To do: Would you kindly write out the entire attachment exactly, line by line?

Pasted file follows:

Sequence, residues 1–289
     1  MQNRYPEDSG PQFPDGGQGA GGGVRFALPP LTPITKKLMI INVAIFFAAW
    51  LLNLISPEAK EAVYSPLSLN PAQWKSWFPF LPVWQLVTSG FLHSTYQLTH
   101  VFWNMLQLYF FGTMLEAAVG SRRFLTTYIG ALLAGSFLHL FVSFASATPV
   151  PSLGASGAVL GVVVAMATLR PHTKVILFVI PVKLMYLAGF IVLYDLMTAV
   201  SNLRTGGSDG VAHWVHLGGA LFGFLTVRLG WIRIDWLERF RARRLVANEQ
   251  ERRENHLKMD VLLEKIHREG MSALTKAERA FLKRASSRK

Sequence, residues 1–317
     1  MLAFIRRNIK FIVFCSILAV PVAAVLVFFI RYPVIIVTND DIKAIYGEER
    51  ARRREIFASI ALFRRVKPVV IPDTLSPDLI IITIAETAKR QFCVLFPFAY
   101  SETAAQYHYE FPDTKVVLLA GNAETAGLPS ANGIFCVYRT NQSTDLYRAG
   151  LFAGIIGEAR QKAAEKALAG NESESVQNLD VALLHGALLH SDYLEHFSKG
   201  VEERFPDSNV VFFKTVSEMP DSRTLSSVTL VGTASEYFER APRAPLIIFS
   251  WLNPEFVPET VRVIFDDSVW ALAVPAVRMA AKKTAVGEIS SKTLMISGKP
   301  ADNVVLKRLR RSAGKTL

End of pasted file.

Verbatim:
Sequence, residues 1–289
     1  MQNRYPEDSG PQFPDGGQGA GGGVRFALPP LTPITKKLMI INVAIFFAAW
    51  LLNLISPEAK EAVYSPLSLN PAQWKSWFPF LPVWQLVTSG FLHSTYQLTH
   101  VFWNMLQLYF FGTMLEAAVG SRRFLTTYIG ALLAGSFLHL FVSFASATPV
   151  PSLGASGAVL GVVVAMATLR PHTKVILFVI PVKLMYLAGF IVLYDLMTAV
   201  SNLRTGGSDG VAHWVHLGGA LFGFLTVRLG WIRIDWLERF RARRLVANEQ
   251  ERRENHLKMD VLLEKIHREG MSALTKAERA FLKRASSRK

Sequence, residues 1–317
     1  MLAFIRRNIK FIVFCSILAV PVAAVLVFFI RYPVIIVTND DIKAIYGEER
    51  ARRREIFASI ALFRRVKPVV IPDTLSPDLI IITIAETAKR QFCVLFPFAY
   101  SETAAQYHYE FPDTKVVLLA GNAETAGLPS ANGIFCVYRT NQSTDLYRAG
   151  LFAGIIGEAR QKAAEKALAG NESESVQNLD VALLHGALLH SDYLEHFSKG
   201  VEERFPDSNV VFFKTVSEMP DSRTLSSVTL VGTASEYFER APRAPLIIFS
   251  WLNPEFVPET VRVIFDDSVW ALAVPAVRMA AKKTAVGEIS SKTLMISGKP
   301  ADNVVLKRLR RSAGKTL